Journal of Clinical Nursing
© John Wiley & Sons Ltd
Edited By: Editor-in-Chief: Debra Jackson Editors: Sue Barnason, Carol Haigh, Leslie Gelling and Graeme D Smith
Impact Factor: 1.384
ISI Journal Citation Reports © Ranking: 2015: 31/114 (Nursing (Social Science)); 34/116 (Nursing (Science))
Online ISSN: 1365-2702
Recently Published Issues
Free Virtual Issue
Read the latest Virtual Issue: Bioscience in Nursing, edited by Prof Graeme D. Smith, Prof Tonks Fawcett and Ms. Anne Waugh
The primacy of the biosciences: a forgotten priority in nurse education?
Globally, clinical nurses are required to have a comprehensive understanding of both basic and applied human biology (NMC 2010). However, there appears to be little evidence, or consensus, as to the appropriate level or depth of bioscience education in preregistration nursing curricula.
Read more here.
Special Issue - Cultural Issues - Call for Papers
The Journal of Clinical Nursing is calling for papers on Cultural Issues in Nursing and Health Care. Culture has a powerful influence on health care and experiences of health care, with some communities experiencing poorer morbidity and mortality, and finding accessing health care challenging. This special issue will highlight the health and healthcare experiences of what are often very marginalised groups of people.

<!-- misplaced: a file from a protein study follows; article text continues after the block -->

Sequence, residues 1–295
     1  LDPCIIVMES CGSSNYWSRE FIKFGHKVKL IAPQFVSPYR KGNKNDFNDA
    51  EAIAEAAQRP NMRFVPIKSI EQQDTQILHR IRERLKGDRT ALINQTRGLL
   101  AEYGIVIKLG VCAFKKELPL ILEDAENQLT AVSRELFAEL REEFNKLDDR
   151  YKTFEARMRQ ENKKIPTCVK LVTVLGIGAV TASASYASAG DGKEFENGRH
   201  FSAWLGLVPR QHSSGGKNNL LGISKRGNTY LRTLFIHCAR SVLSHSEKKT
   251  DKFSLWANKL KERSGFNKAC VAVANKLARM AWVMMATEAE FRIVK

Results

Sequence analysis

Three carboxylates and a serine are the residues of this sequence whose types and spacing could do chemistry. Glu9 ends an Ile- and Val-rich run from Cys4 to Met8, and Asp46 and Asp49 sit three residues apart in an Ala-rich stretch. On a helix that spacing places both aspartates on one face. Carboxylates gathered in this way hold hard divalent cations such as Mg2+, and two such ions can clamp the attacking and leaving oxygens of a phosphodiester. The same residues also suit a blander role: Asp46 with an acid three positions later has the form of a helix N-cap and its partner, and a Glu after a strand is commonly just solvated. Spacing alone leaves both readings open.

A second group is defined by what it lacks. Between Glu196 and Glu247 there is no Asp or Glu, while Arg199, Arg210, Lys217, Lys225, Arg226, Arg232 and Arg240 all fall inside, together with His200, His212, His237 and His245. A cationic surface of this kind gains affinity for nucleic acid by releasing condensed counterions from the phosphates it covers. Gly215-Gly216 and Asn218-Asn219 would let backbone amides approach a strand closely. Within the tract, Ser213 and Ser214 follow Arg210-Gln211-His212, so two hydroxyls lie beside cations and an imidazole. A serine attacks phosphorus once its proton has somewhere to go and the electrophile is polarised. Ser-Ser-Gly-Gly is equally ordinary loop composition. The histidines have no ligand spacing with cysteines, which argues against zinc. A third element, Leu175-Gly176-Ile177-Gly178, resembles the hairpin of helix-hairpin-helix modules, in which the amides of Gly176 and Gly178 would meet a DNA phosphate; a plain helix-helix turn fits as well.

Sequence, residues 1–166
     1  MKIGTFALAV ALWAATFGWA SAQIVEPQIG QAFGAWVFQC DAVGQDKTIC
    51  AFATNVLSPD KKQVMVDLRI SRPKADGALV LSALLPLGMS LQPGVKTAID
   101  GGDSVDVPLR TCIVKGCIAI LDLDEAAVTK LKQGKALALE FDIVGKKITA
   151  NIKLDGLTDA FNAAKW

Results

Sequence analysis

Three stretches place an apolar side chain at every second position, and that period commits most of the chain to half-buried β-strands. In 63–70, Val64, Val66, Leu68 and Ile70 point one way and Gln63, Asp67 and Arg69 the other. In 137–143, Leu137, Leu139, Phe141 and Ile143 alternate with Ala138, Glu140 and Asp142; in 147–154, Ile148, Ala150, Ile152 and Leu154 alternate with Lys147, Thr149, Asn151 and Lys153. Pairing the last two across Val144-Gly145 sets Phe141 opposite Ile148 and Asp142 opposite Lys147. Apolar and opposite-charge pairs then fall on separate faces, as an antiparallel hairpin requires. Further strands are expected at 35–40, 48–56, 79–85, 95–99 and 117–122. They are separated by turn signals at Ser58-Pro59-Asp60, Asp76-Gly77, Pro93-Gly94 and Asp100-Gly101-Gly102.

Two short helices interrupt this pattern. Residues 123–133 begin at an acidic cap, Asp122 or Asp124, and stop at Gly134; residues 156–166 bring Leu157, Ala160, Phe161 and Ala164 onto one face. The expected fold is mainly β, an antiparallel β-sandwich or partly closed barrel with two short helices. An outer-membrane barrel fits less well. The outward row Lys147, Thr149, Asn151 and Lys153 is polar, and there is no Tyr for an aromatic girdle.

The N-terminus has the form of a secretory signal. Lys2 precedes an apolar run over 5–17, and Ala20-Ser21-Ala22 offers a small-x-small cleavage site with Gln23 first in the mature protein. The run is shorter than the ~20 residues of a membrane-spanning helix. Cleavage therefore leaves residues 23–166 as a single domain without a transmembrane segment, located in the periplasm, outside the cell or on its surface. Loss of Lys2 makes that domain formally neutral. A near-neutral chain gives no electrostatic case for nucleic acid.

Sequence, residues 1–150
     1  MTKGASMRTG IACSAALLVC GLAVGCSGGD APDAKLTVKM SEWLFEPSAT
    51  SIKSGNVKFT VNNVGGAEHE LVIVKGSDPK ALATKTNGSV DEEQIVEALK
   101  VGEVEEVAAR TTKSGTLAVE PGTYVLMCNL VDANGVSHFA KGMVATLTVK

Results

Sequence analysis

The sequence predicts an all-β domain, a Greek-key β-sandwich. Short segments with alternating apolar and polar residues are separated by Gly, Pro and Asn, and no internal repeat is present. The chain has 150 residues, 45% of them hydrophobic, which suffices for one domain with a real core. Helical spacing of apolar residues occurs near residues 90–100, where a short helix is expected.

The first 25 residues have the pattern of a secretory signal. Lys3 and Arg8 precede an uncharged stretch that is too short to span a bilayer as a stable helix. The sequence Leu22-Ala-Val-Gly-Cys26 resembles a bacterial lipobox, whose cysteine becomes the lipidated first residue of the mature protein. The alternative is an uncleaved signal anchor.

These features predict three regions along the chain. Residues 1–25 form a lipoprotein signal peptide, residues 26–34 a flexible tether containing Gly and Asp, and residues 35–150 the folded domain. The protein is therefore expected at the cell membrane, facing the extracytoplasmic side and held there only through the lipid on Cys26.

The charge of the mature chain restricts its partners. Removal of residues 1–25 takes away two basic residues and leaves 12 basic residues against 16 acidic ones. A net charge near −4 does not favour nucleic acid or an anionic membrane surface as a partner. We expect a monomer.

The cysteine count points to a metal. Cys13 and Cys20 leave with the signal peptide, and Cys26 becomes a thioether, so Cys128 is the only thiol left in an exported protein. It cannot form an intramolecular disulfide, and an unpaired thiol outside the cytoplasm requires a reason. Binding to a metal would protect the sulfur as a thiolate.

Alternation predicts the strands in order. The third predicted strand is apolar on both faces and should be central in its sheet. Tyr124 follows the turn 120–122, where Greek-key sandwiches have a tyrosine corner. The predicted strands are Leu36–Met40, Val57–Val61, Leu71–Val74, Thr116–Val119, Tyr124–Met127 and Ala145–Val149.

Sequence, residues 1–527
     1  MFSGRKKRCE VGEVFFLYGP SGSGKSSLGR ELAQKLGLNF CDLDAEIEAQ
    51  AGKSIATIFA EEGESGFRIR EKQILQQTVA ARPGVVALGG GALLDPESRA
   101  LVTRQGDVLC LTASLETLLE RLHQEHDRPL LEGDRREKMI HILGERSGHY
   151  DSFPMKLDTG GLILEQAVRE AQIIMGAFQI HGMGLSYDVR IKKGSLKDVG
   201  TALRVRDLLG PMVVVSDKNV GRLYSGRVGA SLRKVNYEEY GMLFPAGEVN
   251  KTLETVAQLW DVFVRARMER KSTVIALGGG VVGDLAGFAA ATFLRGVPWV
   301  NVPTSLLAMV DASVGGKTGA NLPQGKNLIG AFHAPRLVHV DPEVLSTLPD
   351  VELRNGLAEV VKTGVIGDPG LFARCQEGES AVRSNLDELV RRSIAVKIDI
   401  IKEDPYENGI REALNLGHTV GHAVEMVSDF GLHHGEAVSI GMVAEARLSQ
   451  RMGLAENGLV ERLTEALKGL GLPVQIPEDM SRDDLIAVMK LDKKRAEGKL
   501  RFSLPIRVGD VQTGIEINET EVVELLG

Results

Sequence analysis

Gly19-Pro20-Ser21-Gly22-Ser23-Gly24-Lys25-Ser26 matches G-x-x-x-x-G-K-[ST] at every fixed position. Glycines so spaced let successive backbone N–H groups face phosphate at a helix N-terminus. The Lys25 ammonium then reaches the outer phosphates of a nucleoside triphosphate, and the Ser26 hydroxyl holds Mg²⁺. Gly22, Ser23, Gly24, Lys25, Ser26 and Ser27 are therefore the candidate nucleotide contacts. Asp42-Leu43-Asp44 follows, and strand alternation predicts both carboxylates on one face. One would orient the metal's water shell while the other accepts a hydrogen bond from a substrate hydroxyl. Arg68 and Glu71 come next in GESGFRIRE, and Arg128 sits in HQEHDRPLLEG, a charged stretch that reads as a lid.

In this special edition we welcome: original research; review papers; exploration of methodological issues; discursive papers addressing nursing and healthcare issues experienced by culturally diverse groups; and, innovation in care and service delivery which demonstrate an impact on enabling services to be culturally sensitive whilst addressing poor health outcomes of culturally diverse groups.
In the high-tech, fast paced world that we all live in, it is sometimes good to be reminded about the things that nurses can provide that does not require expensive equipment and advanced training. Kim et al have updated Hayward’s seminal 1975 work on the importance of pre-operative information by exploring the provision of information to conscious patients during surgery, this information in one of the intervention groups coupled with hand holding.
What makes this paper unique is the focus upon the combination of handholding and information provision. Kim et al note that the combination of handholding and spoken information resulted in lower anxiety than hand holding alone but that handholding alone resulted in decreased systolic blood pressure during surgery. It is encouraging to see that the simple touch of a fellow human being still has an important role to play in modern healthcare.